On The Line: Review

On The Line: Review

The single location and single character movie is hard to pull off. It requires a lot of charisma, focus, and overall interest for the running time of a feature film to be completely successful. Although movies like Locke, This Is Not a Film, Buried, and The Shallows have managed to mesmerize audiences, it’s a tough tightrope to walk—especially when you are confined to one location and all your attention is on one performer.

In the movie On The Line, director Oliver Pearn falls really short in accomplishing the feat, while his vision might have been better served as a play or podcast instead of a film. Let’s talk about it.

Written and directed by Pearn (in his feature film debut), On The Line is set on Alderney, United Kingdom, an island in the English Channel, in 1964. It follows Agnes, played by Victoria Lucie (A Night in 97, The Devil’s Machine), a new switchboard operator who serves as the lifeblood of the island connecting people through phone lines. Her day is pretty typical with residents looking to connect with businesses and family, while she even gets the occasional prank phone call. In fact, she even gets bored enough to listen in on other people’s conversations.



However, her day is thrown into panic and disarray when an elderly woman named Martha, voiced by Joanne Rogers, is trying to escape from a suspected kidnapper. Anges has to try to find her help by pinpointing her location and alerting the authorities on the island. It’s easier said than done since she has to coax information out of Martha without drawing attention from her would-be abductor.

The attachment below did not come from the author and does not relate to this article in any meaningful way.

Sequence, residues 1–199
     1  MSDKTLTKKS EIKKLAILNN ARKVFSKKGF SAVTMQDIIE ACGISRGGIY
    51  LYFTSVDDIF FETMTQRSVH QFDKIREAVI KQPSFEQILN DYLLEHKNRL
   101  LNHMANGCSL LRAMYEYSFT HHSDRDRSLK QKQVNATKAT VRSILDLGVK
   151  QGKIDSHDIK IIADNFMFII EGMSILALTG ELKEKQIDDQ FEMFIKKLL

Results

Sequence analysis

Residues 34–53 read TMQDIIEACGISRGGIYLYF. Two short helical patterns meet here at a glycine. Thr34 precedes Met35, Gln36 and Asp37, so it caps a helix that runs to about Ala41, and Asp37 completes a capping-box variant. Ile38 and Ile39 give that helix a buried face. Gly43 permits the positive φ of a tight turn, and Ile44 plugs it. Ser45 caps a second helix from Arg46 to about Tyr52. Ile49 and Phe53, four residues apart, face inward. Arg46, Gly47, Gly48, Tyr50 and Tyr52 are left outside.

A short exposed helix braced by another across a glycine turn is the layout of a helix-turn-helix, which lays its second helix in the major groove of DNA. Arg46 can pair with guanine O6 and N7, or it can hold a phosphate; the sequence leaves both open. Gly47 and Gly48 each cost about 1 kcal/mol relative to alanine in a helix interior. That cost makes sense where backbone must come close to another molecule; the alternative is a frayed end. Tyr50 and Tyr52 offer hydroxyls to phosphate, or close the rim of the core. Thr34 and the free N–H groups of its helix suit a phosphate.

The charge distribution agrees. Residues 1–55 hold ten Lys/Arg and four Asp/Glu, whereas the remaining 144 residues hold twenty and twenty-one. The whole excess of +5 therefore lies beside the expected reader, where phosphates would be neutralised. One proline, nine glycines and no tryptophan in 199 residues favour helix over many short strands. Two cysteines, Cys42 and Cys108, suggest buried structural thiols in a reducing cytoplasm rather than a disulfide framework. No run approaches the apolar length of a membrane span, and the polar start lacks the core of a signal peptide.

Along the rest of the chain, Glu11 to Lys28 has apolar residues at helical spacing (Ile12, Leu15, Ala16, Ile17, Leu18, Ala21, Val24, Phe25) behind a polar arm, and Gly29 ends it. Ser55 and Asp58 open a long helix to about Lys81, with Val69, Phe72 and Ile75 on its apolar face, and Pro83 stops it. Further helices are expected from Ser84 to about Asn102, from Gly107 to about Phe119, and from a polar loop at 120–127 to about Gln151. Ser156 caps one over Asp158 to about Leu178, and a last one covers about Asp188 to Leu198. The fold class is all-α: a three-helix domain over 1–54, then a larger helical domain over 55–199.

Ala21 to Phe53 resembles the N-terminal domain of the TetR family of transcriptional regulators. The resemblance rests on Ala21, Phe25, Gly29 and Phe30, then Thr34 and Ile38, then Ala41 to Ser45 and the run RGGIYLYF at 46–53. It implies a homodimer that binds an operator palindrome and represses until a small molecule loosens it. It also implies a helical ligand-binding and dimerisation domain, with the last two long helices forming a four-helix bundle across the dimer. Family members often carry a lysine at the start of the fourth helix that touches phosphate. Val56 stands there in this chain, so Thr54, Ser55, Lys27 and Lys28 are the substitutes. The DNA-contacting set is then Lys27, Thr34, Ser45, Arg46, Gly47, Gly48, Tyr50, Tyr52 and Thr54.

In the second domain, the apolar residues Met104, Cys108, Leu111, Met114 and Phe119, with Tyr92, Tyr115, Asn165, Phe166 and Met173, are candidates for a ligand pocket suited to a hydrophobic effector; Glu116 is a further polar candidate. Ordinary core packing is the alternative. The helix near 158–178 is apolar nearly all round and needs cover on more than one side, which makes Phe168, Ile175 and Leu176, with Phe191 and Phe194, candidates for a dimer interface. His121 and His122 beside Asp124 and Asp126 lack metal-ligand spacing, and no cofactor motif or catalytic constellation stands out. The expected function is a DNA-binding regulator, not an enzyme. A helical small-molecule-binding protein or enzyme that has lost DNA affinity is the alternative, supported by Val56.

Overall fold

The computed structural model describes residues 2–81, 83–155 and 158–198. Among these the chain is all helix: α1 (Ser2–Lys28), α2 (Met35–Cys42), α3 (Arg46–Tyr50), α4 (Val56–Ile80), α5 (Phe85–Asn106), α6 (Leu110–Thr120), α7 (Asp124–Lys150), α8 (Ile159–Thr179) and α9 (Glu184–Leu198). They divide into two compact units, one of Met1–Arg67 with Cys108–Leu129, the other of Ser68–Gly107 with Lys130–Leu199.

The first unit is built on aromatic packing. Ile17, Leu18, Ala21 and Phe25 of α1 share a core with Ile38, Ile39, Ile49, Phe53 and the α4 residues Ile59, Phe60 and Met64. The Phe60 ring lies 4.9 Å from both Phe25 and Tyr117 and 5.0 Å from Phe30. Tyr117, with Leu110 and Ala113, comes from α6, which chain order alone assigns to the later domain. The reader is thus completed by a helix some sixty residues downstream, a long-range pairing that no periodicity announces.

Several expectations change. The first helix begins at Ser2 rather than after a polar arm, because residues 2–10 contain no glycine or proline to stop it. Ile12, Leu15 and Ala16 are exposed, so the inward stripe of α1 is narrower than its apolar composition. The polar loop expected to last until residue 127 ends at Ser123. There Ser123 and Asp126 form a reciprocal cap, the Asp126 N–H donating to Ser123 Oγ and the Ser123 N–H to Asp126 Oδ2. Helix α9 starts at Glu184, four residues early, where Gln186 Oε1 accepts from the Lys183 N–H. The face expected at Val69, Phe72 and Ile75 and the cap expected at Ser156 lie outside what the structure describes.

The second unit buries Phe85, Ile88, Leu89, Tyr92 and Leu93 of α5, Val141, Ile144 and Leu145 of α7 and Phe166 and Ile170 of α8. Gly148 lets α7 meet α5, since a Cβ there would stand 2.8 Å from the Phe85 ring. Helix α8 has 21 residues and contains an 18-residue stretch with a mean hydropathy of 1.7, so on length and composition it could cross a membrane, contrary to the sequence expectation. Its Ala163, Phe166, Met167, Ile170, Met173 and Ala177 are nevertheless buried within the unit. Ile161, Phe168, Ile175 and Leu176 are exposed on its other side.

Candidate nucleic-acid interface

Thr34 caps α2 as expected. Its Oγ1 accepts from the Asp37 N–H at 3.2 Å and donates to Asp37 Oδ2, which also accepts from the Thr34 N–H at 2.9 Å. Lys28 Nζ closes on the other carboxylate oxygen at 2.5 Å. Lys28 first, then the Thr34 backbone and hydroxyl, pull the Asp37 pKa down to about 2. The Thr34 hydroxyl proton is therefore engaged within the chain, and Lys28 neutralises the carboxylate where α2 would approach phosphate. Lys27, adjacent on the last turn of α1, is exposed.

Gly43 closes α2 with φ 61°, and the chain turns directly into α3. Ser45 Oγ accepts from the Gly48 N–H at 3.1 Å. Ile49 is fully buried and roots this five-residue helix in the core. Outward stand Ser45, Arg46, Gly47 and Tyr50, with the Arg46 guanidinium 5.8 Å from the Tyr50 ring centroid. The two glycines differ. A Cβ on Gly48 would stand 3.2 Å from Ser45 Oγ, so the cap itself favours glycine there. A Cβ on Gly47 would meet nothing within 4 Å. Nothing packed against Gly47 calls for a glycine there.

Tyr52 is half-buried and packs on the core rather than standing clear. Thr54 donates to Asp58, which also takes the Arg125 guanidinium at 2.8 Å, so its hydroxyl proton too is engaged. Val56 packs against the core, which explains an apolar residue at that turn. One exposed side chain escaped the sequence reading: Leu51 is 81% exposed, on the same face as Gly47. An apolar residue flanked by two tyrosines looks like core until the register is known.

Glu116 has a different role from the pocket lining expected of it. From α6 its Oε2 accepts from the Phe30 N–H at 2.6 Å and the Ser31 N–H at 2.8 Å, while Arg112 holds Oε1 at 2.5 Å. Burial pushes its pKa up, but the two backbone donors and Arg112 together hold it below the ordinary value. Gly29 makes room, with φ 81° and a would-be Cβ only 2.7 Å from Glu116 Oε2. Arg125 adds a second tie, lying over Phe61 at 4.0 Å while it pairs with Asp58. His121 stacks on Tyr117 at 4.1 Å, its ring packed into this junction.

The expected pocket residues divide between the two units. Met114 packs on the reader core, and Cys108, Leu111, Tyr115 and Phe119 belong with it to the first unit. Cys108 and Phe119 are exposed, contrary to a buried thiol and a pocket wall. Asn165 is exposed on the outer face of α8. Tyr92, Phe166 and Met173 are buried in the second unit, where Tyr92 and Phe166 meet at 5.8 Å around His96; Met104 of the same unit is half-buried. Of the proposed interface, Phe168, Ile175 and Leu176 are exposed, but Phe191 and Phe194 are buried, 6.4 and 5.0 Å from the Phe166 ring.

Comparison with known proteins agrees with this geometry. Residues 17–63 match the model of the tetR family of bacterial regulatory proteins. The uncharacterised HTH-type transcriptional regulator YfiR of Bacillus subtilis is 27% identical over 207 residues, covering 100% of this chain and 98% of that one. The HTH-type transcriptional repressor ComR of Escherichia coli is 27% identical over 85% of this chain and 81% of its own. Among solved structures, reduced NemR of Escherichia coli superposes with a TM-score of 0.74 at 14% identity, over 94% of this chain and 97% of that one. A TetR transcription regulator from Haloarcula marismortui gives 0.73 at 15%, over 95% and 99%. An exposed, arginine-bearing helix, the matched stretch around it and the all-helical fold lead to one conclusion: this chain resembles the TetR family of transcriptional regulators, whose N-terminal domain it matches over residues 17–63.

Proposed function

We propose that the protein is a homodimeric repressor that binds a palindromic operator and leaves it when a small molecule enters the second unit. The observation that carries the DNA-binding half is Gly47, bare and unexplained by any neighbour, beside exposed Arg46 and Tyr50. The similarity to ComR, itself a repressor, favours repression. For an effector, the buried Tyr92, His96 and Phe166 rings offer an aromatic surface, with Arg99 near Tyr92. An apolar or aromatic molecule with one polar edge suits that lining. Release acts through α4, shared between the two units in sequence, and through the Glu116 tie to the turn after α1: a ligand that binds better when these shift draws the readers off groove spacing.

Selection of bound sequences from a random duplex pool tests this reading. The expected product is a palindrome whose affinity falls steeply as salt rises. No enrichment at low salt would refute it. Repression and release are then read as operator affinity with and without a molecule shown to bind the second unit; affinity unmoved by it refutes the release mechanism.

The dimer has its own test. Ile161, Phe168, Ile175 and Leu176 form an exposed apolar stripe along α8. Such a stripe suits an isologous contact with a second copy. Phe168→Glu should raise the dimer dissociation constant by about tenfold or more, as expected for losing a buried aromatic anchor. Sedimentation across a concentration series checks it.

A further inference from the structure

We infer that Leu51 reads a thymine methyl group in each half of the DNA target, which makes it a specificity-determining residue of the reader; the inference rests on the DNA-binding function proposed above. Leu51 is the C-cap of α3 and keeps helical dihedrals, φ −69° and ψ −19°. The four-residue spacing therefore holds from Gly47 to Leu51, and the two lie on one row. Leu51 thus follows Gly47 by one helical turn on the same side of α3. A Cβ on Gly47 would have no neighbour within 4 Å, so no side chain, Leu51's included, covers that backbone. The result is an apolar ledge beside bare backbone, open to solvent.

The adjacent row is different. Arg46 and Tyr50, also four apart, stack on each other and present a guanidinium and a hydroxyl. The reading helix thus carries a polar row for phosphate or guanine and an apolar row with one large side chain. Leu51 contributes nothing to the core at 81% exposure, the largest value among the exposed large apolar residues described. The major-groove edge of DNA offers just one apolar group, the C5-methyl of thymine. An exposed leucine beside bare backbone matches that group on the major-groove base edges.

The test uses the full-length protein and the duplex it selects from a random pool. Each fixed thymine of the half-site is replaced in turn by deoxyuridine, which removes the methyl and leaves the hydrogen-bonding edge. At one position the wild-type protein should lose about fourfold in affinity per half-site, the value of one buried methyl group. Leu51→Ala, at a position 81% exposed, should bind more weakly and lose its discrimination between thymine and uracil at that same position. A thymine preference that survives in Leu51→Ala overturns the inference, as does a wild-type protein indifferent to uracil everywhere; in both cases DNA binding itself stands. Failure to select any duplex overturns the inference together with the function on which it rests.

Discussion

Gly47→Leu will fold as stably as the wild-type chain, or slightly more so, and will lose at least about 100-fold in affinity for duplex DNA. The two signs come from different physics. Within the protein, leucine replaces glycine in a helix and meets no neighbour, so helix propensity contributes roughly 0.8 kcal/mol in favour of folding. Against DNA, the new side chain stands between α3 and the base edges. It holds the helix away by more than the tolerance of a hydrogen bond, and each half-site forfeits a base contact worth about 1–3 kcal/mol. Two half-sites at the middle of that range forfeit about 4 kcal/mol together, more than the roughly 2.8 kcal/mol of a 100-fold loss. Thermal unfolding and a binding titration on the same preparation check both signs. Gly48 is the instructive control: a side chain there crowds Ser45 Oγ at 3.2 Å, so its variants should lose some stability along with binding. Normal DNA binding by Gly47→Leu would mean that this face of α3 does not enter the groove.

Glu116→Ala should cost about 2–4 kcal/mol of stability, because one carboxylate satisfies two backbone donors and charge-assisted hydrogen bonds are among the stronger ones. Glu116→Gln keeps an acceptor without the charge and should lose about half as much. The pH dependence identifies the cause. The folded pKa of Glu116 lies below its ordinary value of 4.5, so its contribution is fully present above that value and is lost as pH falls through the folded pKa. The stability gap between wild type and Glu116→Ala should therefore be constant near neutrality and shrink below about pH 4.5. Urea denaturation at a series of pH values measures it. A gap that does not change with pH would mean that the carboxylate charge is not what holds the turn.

Although On The Line is scrappy and resourceful, the filmmaker’s ambitions outweigh his execution in crafting a single location and single character movie. There’s just not enough there to keep an audience engaged, even with a short 73-minute running time. While Lucie is fantastic as Agnes, she’s underserved by the film’s story and direction.

Meanwhile, the filmmaking isn’t necessarily dynamic or strong, while the stakes don’t feel like the center of the world, or even the island. It should feel like it’s life or death with loads of tension and suspense, considering the subject matter, but it just left this writer lukewarm and ho-hum. The end result feels clumsy given that Pearn is a first-time director.

Nevertheless, Victoria Lucie is a breath of fresh air as Anges. She’s bright and charming as a new switchboard operator was the strongest part of the film, while it’s unfortunate that the film itself lets her down. But overall, if On The Line calls, you should hang up.


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Rudie Obias lives in Brooklyn, New York. He’s a writer and editor who is interested in cinema, pop culture, music, NBA basketball, science fiction, and web culture. His work can be found at IGN, Fandom, TV Guide, Metacritic, Yahoo!, Battleship Pretension, Mashable, Mental Floss, and of course, BRWC.

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